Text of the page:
Kamala Harris quotes 2 Corinthians as she accepts VP nomination at DNC

Democratic vice presidential nominee U.S. Sen. Kamala Harris, D-Calif., speaks on the third night of the Democratic National Convention from the Chase Center in Wilmington, Delaware on Aug. 19, 2020.
Democratic vice presidential nominee U.S. Sen. Kamala Harris, D-Calif., speaks on the third night of the Democratic National Convention from the Chase Center in Wilmington, Delaware on Aug. 19, 2020. | Getty Images/Win McNamee

U.S. Sen. Kamala Harris, D-Calif., accepted the Democratic Party’s vice-presidential nomination Wednesday night as she pulled from the New Testament in her speech on the third night of the Democratic National Convention.

Harris stepped onto a stage at the Chase Center in Wilmington, Delaware and became the first black woman and Asian-American to run on a major United States political party presidential ticket. 

To introduce herself to the country, the early parts of her speech were focused on her background before she went on to criticize the current administration and voice concern about the direction of the country.

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She briefly invoked Scripture when mentioning the values instilled in her by her mother, Shyamala Gopalan Harris

Quoting from 2 Corinthians 5:7, Harris professed her commitment “to the Word that teaches me to walk by faith, and not by sight.” 

The 55-year-old explained that her mother taught her that service to others “gives life purpose and meaning.”

“And oh, how I wish she were here tonight but I know she's looking down on me from above,” the senator and former California attorney general, explained. “I keep thinking about that 25-year-old Indian woman — all of five feet tall — who gave birth to me at Kaiser Hospital in Oakland, California.”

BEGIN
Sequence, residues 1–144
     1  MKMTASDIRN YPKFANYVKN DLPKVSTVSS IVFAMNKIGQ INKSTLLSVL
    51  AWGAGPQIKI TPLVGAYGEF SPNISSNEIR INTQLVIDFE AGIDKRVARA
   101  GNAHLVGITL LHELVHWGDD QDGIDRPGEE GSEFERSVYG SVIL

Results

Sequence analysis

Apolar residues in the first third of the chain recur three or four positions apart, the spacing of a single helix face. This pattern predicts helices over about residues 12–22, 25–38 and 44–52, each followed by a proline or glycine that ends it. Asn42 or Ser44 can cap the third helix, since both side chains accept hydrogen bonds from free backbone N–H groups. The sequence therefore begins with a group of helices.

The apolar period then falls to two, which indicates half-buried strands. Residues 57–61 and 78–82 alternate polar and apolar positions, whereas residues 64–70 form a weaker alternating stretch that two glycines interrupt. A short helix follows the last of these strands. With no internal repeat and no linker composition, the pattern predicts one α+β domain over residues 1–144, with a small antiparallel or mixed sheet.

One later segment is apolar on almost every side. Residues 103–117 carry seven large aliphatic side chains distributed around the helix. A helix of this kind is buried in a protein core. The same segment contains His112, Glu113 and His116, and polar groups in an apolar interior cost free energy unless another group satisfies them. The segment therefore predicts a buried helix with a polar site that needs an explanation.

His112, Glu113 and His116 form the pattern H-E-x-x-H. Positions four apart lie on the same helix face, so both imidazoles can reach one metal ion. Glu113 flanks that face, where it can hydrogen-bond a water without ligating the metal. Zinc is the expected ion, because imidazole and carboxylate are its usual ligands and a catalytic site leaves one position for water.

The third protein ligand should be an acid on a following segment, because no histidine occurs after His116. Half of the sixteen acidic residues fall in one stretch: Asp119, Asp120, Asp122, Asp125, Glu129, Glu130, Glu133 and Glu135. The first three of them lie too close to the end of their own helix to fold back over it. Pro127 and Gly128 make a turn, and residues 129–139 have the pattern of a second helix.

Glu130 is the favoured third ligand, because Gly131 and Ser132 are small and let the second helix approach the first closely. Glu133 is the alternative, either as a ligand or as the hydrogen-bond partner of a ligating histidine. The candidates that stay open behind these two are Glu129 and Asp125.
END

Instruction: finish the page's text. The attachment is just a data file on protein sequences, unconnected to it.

Harris declared that her mother probably would never have imagined that her daughter would one day accept the Democrat Party’s nomination for vice president of the United States. 

“I do so, committed to the values she taught me. To the Word that teaches me to walk by faith, and not by sight,” she stressed. “And to a vision passed on through generations of Americans — one that Joe Biden shares.”

The nominee said that the “vision” is a desire to see “our nation as a Beloved Community — where all are welcome, no matter what we look like, where we come from, or who we love.” The idea of the “beloved community” is one that was made popular by Martin Luther King, Jr. 

“A country where we may not agree on every detail, but we are united by the fundamental belief that every human being is of infinite worth, deserving of compassion, dignity and respect,” Harris said. 

This was not the first time that Harris has spoken about how the Bible influences her politics.

Last year, as she was campaigning for the Democratic Party’s presidential nomination, Harris discussed the influence the parable of the Good Samaritan has had on her policy views.

“I often think of the parable of the Good Samaritan because what the teachings are there from the book of Luke, it is about how do we define neighbor,” she said at a June 2019 gathering of left-leaning clergy and activists in Washington D.C.

“Everyone knows [we need to] live and treat our neighbor as we would want to be treated,” Harris added. “But what I like about the parable of the Good Samaritan is that it’s about defining who is neighbor and understanding that neighbor is not about the person who shares your zip code.”

Harris’ quick Bible reference in her convention speech, as brief as it was, came as speakers reportedly omitted the phrase “Under God” from the Pledge of Allegiance during at least two public meetings held earlier this week during the convention.